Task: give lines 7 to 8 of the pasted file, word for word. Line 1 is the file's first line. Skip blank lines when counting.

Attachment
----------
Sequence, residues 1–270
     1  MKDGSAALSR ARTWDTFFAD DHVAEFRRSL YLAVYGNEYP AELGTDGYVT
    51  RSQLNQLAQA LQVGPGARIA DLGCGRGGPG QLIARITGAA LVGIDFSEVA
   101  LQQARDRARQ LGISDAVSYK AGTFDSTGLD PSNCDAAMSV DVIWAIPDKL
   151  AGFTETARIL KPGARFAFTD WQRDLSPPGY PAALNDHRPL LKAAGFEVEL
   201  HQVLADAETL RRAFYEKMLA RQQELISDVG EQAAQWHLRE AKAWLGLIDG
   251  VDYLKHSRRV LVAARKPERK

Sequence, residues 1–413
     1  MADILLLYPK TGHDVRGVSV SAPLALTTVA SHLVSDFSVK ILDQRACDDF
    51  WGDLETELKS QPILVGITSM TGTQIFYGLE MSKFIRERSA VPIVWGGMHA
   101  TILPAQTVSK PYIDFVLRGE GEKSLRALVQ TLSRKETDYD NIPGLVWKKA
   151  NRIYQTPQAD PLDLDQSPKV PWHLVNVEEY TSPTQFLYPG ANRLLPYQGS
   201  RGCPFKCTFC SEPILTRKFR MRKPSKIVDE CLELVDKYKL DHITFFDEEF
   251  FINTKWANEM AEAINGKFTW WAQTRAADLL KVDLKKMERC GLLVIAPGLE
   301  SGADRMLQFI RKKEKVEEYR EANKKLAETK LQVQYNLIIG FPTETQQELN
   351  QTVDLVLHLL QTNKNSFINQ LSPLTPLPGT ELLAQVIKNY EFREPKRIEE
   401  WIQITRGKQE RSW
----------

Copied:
   251  VDYLKHSRRV LVAARKPERK

Sequence, residues 1–413